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Help! Sewing machine for Jr designer

MarionF | Posted in Equipment and Supplies on

Hi,

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My 15 year old daughter is interested in perusing a career in fashion design and it is becoming very clear that my 30 year old hand me down <!—-><!—->Kenmore <!—-> sewing machine isn’t cutting it any more.  I’m looking for a machine that is durable, will grow with her and doesn’t require a “Masters degree” to operate.

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Any suggestions would be greatly appreciated.

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Thanks

Replies

  1. Elisabeth | | #1

    Fifteen is a great age for your daughter to do shopping type research for something she is interested in. You can take her to the stores to test drive the big brands, Viking, Bernina, and Pfaff for example. Good dealers will let you try all the machines and won't be pushy. (Good time for your daughter to get used to pushy salespeople if you do encounter any.) http://www.patternreview.com has tons of owner reviews of many different machines and brands and your daughter can compare those notes. She can arm herself with brand, price, and features knowledge, and personal feel of many different machines. I'll bet your daughter could then make a pretty good suggestion.

    I offer this idea from my own experience with my son. At 15 he insisted he needed a new faster computer and six years ago that was an awfully pricy thing to buy. So I gave him a resonable budget, half of what a new ready made computer, and said that I thought he could probably create a pretty fast machine by buying parts and assembling it himself. I have never seen such furious research! He made his dream computer of that time, came within the budget, and learned so much that his friends started depending on him for computer know how.

    Good luck to you and your daughter!

    1. MarionF | | #2

      Hi Elizabeth,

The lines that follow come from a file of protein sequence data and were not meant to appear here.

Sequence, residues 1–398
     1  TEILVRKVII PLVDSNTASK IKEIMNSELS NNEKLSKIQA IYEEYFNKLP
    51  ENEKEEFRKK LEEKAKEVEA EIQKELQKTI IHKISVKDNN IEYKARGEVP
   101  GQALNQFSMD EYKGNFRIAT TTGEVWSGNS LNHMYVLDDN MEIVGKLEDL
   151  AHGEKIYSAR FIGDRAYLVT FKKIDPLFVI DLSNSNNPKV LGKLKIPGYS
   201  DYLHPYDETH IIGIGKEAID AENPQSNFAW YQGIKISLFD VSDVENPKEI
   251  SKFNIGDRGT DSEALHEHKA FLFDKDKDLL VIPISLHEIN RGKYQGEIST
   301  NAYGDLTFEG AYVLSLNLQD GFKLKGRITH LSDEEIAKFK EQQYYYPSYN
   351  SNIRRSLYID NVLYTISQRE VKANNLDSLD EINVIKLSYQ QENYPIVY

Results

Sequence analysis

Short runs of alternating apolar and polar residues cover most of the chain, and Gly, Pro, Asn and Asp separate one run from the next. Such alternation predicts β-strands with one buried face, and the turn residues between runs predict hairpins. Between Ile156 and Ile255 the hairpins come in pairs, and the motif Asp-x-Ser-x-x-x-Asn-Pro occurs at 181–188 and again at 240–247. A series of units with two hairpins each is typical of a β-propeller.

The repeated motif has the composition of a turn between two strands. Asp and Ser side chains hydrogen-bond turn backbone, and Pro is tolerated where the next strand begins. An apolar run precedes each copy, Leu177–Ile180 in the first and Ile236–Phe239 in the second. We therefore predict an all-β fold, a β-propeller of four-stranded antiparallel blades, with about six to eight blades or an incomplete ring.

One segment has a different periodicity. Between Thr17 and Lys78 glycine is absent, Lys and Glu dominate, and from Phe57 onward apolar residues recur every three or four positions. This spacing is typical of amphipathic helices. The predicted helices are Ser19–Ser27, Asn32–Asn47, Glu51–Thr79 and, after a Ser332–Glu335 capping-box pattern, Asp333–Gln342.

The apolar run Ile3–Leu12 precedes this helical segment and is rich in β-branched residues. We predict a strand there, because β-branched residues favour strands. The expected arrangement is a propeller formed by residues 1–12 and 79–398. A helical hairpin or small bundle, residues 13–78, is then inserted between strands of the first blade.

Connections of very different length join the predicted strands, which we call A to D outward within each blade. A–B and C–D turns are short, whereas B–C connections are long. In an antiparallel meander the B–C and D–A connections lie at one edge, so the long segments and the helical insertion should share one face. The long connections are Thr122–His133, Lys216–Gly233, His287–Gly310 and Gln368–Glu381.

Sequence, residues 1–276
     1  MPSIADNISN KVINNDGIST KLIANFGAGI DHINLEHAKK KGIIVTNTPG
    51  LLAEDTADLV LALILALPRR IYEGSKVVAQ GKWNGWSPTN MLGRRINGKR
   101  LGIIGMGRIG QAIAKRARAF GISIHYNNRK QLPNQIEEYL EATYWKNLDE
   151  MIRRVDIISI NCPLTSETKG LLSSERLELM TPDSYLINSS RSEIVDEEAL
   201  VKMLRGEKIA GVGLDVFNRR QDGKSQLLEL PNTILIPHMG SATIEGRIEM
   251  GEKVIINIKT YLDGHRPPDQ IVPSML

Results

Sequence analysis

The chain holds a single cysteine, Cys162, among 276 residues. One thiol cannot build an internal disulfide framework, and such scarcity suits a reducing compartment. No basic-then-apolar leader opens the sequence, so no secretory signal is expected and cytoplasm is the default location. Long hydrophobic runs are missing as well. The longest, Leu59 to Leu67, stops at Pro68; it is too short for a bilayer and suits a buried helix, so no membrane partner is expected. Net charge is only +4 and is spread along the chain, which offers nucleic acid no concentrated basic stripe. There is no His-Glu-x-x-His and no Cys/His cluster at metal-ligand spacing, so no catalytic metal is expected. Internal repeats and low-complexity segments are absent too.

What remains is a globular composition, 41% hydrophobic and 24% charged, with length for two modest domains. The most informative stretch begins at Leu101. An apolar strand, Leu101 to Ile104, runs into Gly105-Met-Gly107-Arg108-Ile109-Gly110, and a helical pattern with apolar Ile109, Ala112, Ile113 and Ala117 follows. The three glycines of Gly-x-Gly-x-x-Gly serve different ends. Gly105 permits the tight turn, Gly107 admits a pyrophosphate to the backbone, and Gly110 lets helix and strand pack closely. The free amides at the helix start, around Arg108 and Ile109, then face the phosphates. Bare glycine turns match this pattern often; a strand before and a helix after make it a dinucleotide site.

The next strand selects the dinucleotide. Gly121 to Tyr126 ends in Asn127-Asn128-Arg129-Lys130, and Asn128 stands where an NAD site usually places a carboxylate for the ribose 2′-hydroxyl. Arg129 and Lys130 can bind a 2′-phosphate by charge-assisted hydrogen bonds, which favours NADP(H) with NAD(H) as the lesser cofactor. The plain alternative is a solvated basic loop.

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      Thanks for the advice. We live in mid coast <!----><!----><!---->Maine<!----><!---->, so there are few resources to physically try machines. We tend to do a lot of internet shopping, so I will have my daughter start combing through reviews on the website you mentioned.

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      Thanks

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      <!----><!---->Marion<!----><!---->

      1. kjp | | #3

        Marion, are there any sewing stores near you that sell machines?  It really helps to have a place to support your purchase.  Also, should repairs or cleaning be needed, you should know where to take the machine.  It would be expensive to have to ship it out for repair! 

        I started in high school with a somewhat basic Kenmore (which I researched and bought myself)  It was (and still is for my sisterinlaw) a good machine with a good selection of builtin stitches - stretch, straight, zigzag, buttonhole (manual 4step).  It took me through until I was in my late twenties and finally had the money for a then top of the line bernina 1530.  I honestly don't use most of the functions of my machine very often :)

        I am now partial to berninas and vikings.  Depends on the budget!  Good luck to your daughter.  I always wanted to go into design, but went for the safe choices instead. 

        1. MarionF | | #4

          Hi Kip,

          I'll check around for a place, I'm about due for a road trip anyway.

          Thanks for the advice.

          Marion

  2. MegVT | | #5

    Congratulations to your daughter! 

    I own a Pfaff 1222E which I purchased in 1981.  I've always thought it was the best machine ever made.  I took it in for minor repairs a few years ago, and the mechanic said that this model is highly prized by professional seamstresses to this day.  It has the Integrated Dual Feed (built-in walking foot), makes great stitches, will stitch through nearly anything.  I've made silk blouses, denim jackets, ski (down-filled) jackets, wool suits, linen & rayon clothes, and right now I've got a quilt I'm finishing on it.  I've only brought it in for sevicing four times in 24 years...  I love this machine!

    You can find used 1222E's on Ebay sometimes, and as trade-ins at machine shops. 

    Best to you and your daughter!

    Meg

    1. MarionF | | #6

      Thanks for all the helpful info.

      Marion

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